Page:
With BBC Radio recently commemorating 20 years since the break through of Britpop, it’s safe to say that pioneers of this ever-so-popular type of music indie rockers, Blur, are back on everybody’s radar. Now we have to wait and see if they are ready to compete again with the likes of Biffy and Co.?
Today, the band are celebrating being catapulted back into fame with the help of a land far from the tiny island of Britain that made them so popular. Over in Hong Kong, music industry tycoons are welcoming some of Britain’s biggest indie stars into their smaller venues, with cash rich cities like Macau dying to get their hands on the indie rockers.
It’s no wonder that the city can afford to host some of the 90s’ biggest rock stars – known for its casinos, Macau has been making mega moolah for some years now, which can only come as a bigger incentive for Damon Albarn and his crew to perform there.
But what was the fascination with Blur that made them such an icon of British culture? Back in the 90s, while grunge rockers Nirvana were rocking the teenagers’ worlds over in the United States, London-based Blur wanted to stick two fingers up at the dreary, pessimistic tones of the newest fad. So ensued Britpop – indie rock music based around British artists, where every member of the band was important (not just the lead singer, as had been the trend pre-1994) and where people would sing in their regional accents rather than conforming to the fake American accents of yore. Since the beginning many more successful bands have also emerged from Scotland, just think of Biffy Clyro, The Fratellis, Frightened Rabbit and Glasvegas to name but a few.
Of course, regional accent was a big factor for Britpop, and indeed geography may have been the reason for one of the biggest feuds in music history. Step forward, Oasis – inspired by The Beatles, and the north of England’s answer to Blur. Whilst rocking out was the core ethos of Indie, so too was not giving a stuff, and you couldn’t be a famous artist in the 90s without upsetting a few other music makers. And yet the musicians from Scotland kept out of the mud fight and carried on doing what they do best – focusing on their success. And let’s not forget, it was Biffy who brought back together the feuding Gallagher brothers in 2009.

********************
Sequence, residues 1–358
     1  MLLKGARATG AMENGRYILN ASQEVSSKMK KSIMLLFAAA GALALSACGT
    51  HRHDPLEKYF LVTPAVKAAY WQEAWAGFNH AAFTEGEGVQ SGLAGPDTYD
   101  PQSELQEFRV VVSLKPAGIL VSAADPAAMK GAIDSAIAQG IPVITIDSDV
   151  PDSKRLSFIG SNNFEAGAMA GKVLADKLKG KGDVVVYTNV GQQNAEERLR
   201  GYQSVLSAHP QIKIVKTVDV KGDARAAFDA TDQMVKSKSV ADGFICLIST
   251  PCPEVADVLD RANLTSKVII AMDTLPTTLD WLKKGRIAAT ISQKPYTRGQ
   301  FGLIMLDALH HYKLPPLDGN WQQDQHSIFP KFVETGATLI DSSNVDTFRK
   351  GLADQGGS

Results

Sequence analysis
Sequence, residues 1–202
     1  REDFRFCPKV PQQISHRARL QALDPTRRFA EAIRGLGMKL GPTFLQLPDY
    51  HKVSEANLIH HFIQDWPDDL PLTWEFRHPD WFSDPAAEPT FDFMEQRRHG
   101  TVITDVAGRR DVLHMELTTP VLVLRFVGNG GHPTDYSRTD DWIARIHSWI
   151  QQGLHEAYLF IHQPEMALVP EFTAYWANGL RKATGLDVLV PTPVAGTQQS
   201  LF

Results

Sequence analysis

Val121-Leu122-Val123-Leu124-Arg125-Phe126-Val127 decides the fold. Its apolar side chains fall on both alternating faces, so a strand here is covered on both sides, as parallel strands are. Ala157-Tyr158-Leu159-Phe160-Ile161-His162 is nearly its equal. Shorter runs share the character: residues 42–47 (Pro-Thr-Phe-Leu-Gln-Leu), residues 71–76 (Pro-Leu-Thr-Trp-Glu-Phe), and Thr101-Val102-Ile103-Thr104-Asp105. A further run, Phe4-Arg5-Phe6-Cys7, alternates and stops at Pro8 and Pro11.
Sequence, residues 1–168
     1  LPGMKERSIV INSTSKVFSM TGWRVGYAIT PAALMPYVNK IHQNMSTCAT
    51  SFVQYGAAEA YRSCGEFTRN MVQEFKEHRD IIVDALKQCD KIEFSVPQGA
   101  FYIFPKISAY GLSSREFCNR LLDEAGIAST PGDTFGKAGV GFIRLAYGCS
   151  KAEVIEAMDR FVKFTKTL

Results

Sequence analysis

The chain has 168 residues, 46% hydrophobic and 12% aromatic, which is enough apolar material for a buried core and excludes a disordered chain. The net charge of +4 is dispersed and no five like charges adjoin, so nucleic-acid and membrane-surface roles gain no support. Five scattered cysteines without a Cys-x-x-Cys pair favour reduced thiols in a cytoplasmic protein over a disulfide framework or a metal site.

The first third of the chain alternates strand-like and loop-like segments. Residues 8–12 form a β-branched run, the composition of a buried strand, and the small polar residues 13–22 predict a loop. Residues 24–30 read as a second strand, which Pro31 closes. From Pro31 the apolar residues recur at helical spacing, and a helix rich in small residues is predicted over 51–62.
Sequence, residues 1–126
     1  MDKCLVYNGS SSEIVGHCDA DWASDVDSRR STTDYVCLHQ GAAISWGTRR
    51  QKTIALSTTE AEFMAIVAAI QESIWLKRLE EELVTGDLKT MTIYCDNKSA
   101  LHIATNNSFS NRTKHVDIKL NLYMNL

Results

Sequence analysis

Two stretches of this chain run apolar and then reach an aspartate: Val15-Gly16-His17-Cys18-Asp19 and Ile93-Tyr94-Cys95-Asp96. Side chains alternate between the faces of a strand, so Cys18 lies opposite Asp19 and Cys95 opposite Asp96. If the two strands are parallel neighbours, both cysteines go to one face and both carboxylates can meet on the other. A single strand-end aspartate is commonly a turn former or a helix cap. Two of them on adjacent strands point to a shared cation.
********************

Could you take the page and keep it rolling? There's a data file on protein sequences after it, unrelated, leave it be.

While the music was always at the forefront in Scotland, the Brits went for each other making headlines through nasty comments and rude behaviour rather than their music.
The likes of Franz Ferdinand and Teenage Fanclub – also lovingly called the Fannies – were far too busy to squabble with their Rivals.
So how did this feud with Blur and Oasis reach its crescendo? In 1997, on the day that Oasis decided to release one of their biggest hits, ‘Roll With It’, Blur took the tactical decision to release ‘Country House’ at the same time. What ensued was one of the biggest chart battles in history, and Blur came out on top, rocketing to number 1 with 274,000 copies sold.
Of course, Blur let bygones be bygones, and today, the bands have ended their feud, with band members Noel Gallagher and Damon Albarn both attending the same Teenage Cancer Trust and standing on stage together in 2013.
It’s good to see that Blur have now grown up a little since the days of slagging off Nirvana – and there’s no doubt that with their 20th anniversary and their new-found popularity in Hong Kong, the band will continue to prosper. It will be interesting to see which artists will be lining up to play in the far east to entertain the folks with British indie rock, so if you make it across there it might be worth checking if one of your favourites might be playing at the time.